Marianne leaned forward, looking past Brad to get a better view of the river. In the moonlight, the water looked as endless as the sky and shimmered like onyx. It reminded her of the evening they’d had an anniversary dinner there; a nighttime picnic under the stars. It would be the last happy thought she’d ever have.
She opened her mouth to recall the memory aloud when Brad jerked the steering wheel of their mid-size SUV sharply to the left, into the other lane of traffic. Where it had seemed just a moment before that they were the only ones on the road for a mile in either direction, Marianne was now staring in horror at two headlights, coming at them fast.
In the other car, Diane screamed for Nick to look out, and briefly thought they were going to avoid the accident. Nick stared straight ahead, but instead of swerving or applying the brakes, he pressed down hard on the accelerator and pointed the nose of their sedan directly at the SUV.
He never stopped humming.
Metal met metal. The engine of the late-model sedan entered the front of the car, shredding Nick Morrow’s lower half and killing him instantly. The Ross’ SUV rose up from the rear, threatening to flip the whole vehicle upside down, atop the sedan. Instead, as the sedan spun violently towards the river, the momentum caused the SUV to spin too, and land on its side. Brad Ross died instantly as well; his neck broken.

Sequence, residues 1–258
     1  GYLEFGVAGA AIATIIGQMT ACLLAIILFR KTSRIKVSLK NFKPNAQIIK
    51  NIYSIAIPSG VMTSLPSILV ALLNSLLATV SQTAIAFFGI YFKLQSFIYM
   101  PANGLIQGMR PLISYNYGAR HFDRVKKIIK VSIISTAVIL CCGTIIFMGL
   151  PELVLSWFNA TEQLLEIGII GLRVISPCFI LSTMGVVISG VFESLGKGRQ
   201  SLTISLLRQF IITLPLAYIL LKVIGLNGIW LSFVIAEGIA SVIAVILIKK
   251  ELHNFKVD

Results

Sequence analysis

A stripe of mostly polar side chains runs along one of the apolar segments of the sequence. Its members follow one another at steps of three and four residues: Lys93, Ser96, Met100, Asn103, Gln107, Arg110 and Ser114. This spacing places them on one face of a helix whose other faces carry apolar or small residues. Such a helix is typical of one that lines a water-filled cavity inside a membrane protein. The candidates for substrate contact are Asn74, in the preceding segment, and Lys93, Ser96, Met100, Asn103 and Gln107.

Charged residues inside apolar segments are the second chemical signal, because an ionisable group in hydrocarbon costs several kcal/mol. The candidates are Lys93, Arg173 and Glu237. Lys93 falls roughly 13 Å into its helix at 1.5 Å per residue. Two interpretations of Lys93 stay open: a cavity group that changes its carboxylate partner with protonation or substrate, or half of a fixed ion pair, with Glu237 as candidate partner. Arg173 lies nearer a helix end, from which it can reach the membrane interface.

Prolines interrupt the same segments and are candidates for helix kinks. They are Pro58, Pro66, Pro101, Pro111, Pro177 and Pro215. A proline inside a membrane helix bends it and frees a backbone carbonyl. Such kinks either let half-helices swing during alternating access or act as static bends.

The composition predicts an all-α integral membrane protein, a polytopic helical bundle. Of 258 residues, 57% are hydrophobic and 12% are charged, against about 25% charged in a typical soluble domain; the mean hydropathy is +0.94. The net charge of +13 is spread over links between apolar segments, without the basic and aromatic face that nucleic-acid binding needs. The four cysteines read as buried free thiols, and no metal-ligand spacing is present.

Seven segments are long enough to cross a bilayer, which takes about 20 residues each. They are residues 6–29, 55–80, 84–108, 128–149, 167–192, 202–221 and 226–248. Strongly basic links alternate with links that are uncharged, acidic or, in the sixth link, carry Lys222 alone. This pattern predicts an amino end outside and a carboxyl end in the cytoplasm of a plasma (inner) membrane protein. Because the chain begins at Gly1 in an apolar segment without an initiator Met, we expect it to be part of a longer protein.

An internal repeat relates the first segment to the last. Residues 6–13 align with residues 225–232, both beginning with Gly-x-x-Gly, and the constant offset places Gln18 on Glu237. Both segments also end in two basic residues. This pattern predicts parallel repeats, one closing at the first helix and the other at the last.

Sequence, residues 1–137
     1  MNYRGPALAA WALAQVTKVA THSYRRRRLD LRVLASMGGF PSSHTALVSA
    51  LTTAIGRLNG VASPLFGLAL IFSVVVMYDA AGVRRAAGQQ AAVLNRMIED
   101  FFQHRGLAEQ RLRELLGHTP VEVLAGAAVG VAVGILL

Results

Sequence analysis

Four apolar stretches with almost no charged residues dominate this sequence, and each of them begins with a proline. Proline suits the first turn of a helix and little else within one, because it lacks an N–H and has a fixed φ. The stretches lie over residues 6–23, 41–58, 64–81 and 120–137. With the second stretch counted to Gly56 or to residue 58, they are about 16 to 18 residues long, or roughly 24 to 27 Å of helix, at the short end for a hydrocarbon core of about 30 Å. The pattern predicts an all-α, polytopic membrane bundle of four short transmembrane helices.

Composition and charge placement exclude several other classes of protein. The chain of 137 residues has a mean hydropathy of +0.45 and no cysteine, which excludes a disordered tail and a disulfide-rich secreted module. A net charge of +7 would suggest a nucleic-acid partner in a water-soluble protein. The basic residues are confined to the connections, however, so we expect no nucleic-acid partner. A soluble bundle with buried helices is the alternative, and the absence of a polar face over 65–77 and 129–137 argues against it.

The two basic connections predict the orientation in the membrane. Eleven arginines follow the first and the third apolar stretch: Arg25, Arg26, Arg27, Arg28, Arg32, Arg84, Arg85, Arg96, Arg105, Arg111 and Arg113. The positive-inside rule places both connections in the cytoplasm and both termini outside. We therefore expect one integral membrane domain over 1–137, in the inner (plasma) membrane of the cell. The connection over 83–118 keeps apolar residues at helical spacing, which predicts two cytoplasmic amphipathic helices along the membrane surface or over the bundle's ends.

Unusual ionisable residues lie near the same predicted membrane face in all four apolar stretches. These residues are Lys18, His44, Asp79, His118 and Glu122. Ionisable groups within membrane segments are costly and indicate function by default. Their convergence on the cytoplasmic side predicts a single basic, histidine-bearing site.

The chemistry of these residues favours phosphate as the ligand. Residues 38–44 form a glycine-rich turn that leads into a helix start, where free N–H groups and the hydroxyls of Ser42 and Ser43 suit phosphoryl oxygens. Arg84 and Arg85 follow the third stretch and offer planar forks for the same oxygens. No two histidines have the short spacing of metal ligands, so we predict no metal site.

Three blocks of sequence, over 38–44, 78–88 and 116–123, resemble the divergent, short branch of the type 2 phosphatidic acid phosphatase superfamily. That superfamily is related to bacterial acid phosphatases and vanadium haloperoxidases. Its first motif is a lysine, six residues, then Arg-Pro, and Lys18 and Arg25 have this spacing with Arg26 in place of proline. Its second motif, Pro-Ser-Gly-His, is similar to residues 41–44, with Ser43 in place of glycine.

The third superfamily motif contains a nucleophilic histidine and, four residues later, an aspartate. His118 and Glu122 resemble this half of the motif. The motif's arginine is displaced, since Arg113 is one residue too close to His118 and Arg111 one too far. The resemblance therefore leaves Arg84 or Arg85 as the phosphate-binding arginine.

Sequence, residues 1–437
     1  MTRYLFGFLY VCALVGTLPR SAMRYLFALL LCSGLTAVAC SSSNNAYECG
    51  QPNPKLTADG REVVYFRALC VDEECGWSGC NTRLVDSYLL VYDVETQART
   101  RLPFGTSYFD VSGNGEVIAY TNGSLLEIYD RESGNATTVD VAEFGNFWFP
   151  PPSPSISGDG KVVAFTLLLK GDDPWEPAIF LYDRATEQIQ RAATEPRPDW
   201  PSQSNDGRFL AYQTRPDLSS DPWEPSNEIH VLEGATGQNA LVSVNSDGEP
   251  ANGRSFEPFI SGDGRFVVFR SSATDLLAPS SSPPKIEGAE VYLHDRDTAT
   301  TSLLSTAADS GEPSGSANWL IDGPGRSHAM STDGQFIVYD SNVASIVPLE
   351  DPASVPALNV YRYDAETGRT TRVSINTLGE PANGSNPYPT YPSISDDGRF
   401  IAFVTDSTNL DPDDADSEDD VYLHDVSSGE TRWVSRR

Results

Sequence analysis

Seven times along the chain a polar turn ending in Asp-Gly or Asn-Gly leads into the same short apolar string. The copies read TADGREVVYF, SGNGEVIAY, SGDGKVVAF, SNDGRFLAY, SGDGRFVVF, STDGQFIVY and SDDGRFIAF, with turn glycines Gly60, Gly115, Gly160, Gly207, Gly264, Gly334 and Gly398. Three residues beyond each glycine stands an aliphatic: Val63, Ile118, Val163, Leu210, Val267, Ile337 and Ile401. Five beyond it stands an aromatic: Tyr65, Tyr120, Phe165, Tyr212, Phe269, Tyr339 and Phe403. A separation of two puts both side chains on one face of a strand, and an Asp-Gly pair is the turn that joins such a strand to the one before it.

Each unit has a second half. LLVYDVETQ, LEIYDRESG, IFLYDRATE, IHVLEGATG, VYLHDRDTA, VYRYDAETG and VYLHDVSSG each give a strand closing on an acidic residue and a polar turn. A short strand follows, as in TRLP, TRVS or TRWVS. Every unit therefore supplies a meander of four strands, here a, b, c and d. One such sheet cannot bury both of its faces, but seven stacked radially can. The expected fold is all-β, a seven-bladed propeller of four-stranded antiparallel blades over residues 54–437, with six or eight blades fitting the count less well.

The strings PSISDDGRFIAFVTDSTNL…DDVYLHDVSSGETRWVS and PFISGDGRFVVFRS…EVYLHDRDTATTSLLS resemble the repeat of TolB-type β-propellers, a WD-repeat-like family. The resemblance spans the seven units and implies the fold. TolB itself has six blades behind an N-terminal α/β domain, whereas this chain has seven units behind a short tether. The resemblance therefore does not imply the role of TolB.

When it was over, Marianne Ross lay pinned inside her car listening to the hiss of steam, the leaking of fluids and her own struggle to breathe as her lungs filled with blood. She’d been a nurse long enough to know what was happening to her.
A few feet away in the mangled sedan, stopped dangerously close to going into the river by a guardrail, Diane Morrow was also dying. She thought about only one thing: Jack. She knew he’d be taken care of, but it wouldn’t be the same. A child needs a mother.
As Marianne felt herself fading away, there was great sadness that she wouldn’t see Violet graduate high school, get married and have children of her own. A girl would need her mother for such things.
As both women let go of the last threads of life, they prayed their children would have a mother to care for them, somehow. And though they had never met, their last thoughts were of each other.
About The Author
Nina Perez is the author of The Twin Prophecies: Rebirth, the first in a YA fantasy series. The second, The Twin Prophecies: Origins will be released in the spring of 2012. She enjoys spending time with her husband Donny and their two children, Kali and Jack, in their suburban Atlanta home. When she’s not writing she’s watching massive amounts of Doctor Who, and wishing she had her very own TARDIS. If you’re an adult, you can follow her on Twitter (@AuthorNinaPerez). If you’re a fan of The Twin Prophecies, follow her at @TwinProphecies. You can also find her on Facebook or by email: firstname.lastname@example.org
Thanks for stopping by, Nina!
Remember, you can enter to win a copy of THE TWIN PROPHECIES over on Angel Haze’s blog. Just head on over here and leave a comment – http://angel-haze.blogspot.com/2011/09/halloween-blog-hop.html